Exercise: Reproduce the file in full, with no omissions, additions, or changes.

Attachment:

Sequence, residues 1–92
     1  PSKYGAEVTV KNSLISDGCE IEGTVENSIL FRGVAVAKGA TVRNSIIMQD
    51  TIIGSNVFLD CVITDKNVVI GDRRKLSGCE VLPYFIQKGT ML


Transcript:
Sequence, residues 1–92
     1  PSKYGAEVTV KNSLISDGCE IEGTVENSIL FRGVAVAKGA TVRNSIIMQD
    51  TIIGSNVFLD CVITDKNVVI GDRRKLSGCE VLPYFIQKGT ML